Home Opinion Editorials CITY SHOULD BOW OUT OF ODS BUILDING PLAN
CITY SHOULD BOW OUT OF ODS BUILDING PLAN
La Grande City Manager Wes Hare has been promoting the idea of the city buying the current Safeway site as the future home of the public library. We wonder why?
With the announcement that ODS Health Plans is interested in buying the Safeway property for redevelopment into a 40,000-square-foot joint project with the city, Hare sees this as a dream come true. Hare sees the complex as a chance for the city to work with a private business in a public/private partnership to improve the downtown core area.
The Observer applauds ODSs willingness to invest in La Grande by putting up its own building and want- ing to double the size of its current staff to 100. It also is good news that EONI, a local Internet service provider, needs to expand beyond its current site. And Bob Nelson, local manager of the state employment office, has said hes interested in leasing space in the new building. But lets not kid ourselves. Using the current Safeway site for the state employment offices, a city library, ODS and EONI is not going to improve the retail picture in downtown La Grande.
The downtown is looking too much like a service sector area already, not a traditional retail district. For some reason the city manager is sold on the city spending more than $2 million to build a new public library rather than consider working with Eastern Oregon University to create a comprehensive library complex that will take us into the 22nd century. Now that the county has initiated an effort to consider creating a countywide library district, perhaps any anonymous donor should hold off to see if such a district is popular with the majority of Union Countys citizens.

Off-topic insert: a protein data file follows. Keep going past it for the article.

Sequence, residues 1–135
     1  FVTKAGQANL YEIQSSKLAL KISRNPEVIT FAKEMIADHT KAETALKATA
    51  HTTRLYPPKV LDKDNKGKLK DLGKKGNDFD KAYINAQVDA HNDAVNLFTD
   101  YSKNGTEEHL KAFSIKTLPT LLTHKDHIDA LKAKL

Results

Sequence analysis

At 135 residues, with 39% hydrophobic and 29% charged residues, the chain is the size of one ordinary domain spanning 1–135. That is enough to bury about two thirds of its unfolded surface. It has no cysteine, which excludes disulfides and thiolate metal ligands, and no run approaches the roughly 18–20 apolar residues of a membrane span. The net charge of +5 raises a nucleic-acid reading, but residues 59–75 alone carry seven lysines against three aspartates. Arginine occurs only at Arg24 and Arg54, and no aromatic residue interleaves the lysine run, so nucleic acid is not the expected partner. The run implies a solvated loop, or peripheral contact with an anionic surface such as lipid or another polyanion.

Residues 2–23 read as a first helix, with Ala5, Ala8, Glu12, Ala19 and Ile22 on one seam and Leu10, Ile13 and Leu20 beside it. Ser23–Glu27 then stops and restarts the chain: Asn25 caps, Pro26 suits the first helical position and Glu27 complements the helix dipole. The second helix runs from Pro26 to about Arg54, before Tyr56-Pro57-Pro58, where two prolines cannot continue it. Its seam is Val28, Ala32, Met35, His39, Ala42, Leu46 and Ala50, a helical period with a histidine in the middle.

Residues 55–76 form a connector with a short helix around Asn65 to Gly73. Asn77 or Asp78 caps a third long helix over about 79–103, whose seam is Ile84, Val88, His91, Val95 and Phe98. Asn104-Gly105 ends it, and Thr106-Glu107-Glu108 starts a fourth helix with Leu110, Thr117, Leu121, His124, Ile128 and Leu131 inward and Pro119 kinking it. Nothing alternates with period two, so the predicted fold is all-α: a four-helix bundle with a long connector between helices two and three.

What will happen to the old GTE building in downtown La Grande if ODS moves from it and the company successfully purchases the current Safeway site? Also will we have other vacant buildings where the state employment offices are located and where EONI is located? And what will happen to the current library site? (It could cost $100,000 or more to demolish the building.) The city council needs to look beyond the short-term into the distant future and determine if the proposed public-private building project is the best use when retail land is in short supply downtown.
The proposed construction cost of the 40,000-square-foot building, excluding the $1.3 million for the land purchase, is more than $115 per square foot. That would drive square foot lease prices to almost $1 per square foot. Much of the downtowns retail space is currently going for 35 cents to 50 cents per square foot. Were not sure if the downtown is ready for such higher prices.
Outside of ODS, we dont see this project as creating new long-term jobs. If ODS wants to put up a new building for itself and EONI, and then try and get retailers to lease the remaining space, this could turn out to be a win for downtown. The city should work with the university and the county for a broader approach to a public library. Finally, the Employment Department certainly must have other options available, least of all leaving its current site vacant.